Harrelson clearly had no idea what the interviewer was talking about and became quite upset and angry. Clearly, nobody had told him the film would be rotoscoped. If Harrelson didn't know, I'll bet you anything Reeves didn't know, and very likely the film's financiers didn't know.

Until it was too late, of course.

But why do such a thing? Well, I first became aware of director Richard Linklater when he made Slackers in the mid-nineties. It was immediately clear from this and subsequent features he was interested in making something a little deeper than what you normally expect from Hollywood and, like many directors with similar aims, he in fact usually works outside of Hollywood (in Austin, Texas, or so I believe) thus placing himself out of easy reach of financiers, agents, producers, studios and the rest of the apparatus of the movie industry. Dick is a lucrative property these days - Total Recall, Minority Report, and so on - so to make a movie of Scanner Darkly may have required a fairly large financial investment, with added 'securities' such as a big name star.

Let's face it - if you were trying to make 'Scanner' and you got lumped with a deadweight like Keanu Reeves, you'd want to Rotoscope the hell out of it. And not tell anyone until it was much, much too late.


Sometime earlier this week, I suddenly started to get better. The back pain started to go away - just like that. It cleared up so much that Tuesday I made it along to a screenwriter's group that meets in the heart of Glasgow, fully expecting to have to turn back when the pain became too much. Or that I might have to leave halfway through the meeting because I could no longer sit in the chairs in the upstairs bar of the GFT cinema where both the sf writers and the screenwriters groups meet on more-or-less alternate Tuesdays.

Instead, I felt just fine. It was an interesting and informative evening. When I left to go home, I walked for a while. I even listened to music on my MP3 player. This is a big deal: I bought the thing about Christmas, and hardly used it because one thing you don't feel like doing when walking around in excruciating pain is listening to music.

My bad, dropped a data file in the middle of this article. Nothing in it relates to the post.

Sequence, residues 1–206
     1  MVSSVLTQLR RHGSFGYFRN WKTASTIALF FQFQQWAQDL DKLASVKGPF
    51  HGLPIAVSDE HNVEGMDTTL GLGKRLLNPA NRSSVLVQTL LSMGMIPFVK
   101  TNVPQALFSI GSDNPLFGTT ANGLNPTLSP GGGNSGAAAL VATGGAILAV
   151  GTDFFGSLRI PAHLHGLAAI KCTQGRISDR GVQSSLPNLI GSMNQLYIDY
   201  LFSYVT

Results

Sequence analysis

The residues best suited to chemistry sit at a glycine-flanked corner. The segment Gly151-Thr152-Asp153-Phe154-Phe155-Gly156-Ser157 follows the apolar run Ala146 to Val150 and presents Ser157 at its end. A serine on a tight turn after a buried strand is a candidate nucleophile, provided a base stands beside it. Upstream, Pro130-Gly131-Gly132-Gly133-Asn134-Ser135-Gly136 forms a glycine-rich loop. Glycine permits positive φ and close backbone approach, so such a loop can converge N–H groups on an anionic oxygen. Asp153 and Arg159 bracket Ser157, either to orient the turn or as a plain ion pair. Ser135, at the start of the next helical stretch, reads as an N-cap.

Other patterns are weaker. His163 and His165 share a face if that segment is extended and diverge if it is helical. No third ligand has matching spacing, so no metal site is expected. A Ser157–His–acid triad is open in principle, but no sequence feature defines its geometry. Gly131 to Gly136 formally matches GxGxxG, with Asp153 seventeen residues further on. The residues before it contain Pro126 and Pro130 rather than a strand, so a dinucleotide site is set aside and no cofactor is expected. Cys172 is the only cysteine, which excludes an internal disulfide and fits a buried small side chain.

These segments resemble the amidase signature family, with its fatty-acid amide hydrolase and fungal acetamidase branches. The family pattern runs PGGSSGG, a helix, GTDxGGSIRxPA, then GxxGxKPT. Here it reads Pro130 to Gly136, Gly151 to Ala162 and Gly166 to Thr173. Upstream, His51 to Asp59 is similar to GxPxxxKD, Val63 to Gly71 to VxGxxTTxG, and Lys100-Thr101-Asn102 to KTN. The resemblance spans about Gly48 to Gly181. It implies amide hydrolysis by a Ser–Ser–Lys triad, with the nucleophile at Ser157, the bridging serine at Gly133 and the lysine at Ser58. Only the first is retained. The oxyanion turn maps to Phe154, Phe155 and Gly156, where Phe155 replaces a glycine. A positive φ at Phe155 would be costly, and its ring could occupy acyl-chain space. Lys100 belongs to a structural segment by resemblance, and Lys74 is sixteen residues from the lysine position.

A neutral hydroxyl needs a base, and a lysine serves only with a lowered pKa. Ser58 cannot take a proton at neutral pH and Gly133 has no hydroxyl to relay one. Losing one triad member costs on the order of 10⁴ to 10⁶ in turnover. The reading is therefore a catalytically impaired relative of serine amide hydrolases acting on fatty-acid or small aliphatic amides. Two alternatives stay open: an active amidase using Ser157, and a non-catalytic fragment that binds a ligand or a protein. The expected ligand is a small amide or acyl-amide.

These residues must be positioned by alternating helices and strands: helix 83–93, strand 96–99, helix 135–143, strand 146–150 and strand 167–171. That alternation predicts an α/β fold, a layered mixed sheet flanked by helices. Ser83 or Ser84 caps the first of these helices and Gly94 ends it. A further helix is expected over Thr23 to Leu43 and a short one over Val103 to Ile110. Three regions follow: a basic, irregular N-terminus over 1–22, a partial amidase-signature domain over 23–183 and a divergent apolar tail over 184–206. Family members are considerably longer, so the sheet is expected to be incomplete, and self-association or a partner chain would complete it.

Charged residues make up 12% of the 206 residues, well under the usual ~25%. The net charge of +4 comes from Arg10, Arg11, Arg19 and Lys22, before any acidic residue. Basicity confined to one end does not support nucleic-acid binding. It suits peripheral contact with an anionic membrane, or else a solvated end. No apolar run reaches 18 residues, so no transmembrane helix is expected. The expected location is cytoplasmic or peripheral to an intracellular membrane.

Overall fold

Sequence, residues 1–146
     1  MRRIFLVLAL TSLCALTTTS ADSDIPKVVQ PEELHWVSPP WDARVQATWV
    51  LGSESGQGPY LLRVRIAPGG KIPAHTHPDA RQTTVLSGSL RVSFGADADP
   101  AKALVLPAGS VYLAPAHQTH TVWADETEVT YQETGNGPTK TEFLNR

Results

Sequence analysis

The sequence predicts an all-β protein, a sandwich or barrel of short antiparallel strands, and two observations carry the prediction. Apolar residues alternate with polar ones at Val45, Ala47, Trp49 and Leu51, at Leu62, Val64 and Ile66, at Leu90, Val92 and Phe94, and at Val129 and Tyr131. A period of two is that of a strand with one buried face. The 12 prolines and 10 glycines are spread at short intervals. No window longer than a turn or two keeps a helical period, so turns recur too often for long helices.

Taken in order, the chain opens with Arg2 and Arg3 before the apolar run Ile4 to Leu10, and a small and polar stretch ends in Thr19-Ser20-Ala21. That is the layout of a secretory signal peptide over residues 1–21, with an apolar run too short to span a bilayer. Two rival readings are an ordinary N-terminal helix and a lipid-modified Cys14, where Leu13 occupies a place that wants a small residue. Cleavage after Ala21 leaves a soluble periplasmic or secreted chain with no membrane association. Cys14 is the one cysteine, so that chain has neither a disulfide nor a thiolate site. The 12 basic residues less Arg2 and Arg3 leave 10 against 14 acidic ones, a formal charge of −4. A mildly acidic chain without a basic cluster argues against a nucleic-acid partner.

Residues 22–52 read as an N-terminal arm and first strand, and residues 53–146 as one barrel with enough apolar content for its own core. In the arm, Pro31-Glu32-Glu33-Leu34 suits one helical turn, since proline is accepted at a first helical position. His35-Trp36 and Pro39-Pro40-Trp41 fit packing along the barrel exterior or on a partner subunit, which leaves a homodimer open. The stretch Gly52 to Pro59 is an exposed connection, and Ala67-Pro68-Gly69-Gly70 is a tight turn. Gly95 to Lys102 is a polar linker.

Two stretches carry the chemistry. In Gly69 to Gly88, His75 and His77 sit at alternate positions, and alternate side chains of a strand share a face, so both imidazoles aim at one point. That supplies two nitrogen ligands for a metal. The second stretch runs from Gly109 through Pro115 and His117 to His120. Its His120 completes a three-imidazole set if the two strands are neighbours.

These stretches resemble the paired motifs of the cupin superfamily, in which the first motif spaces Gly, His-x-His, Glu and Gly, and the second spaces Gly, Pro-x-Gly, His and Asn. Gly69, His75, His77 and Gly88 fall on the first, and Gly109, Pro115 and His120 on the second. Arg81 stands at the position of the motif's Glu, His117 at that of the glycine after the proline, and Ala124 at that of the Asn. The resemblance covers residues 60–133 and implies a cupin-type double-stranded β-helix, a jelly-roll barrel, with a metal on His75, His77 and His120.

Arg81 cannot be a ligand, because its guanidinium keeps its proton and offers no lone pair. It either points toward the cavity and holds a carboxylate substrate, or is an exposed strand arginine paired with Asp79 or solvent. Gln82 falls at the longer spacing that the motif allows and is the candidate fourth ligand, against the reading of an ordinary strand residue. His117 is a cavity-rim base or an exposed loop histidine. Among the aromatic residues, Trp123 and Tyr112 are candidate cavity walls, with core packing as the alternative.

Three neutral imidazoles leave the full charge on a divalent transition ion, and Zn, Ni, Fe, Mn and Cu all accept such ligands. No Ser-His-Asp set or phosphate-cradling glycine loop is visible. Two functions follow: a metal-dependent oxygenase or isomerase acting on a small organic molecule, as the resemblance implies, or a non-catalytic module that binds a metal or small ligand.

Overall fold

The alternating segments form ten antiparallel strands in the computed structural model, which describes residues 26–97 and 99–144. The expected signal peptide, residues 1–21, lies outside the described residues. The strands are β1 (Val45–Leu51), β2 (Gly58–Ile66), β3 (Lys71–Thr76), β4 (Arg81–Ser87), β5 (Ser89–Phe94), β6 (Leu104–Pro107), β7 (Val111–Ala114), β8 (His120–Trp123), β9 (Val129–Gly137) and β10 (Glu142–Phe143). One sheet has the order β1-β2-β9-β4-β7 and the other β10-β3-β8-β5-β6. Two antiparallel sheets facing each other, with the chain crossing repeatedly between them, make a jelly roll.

I was hoping the screenwriter's group would be mostly about workshopping scripts. Although this is their central remit, it's become more of a networking thing. It appears to be run by John McShane, whom I remember from years ago as heavily involved in the local and national comics publishing scene (he was also behind a well-received comic called The Bogie Man). I can't remember the name of the chap who came along to give a talk about what he does in the film industry, but he's a composer for film and tv and played guitar with Deacon Blue before they became famous. The highlight for me, however, was the showing of a short movie called Fritz (on a laptop propped up on a bar), about seven minutes in length: a Gilliam-esque fantasy about a young boy who discovers a 90 year old German soldier living under his bed, tapping out morse code reports to a long-vanished Third Reich. It was made by a couple of students from Edinburgh College of Art for something like two hundred quid, and very impressive it is too.

I suspect I'll be going back along to this, mainly to keep my interest in screenwriting alive: it's easy to let stuff like that slip when you have things like manuscript deadlines looming. I'm tempted to give a 22-week screenwriting course a shot, but at two hundred quid, I'm nervous about spending the money given the drop in income following my back problems. But maybe.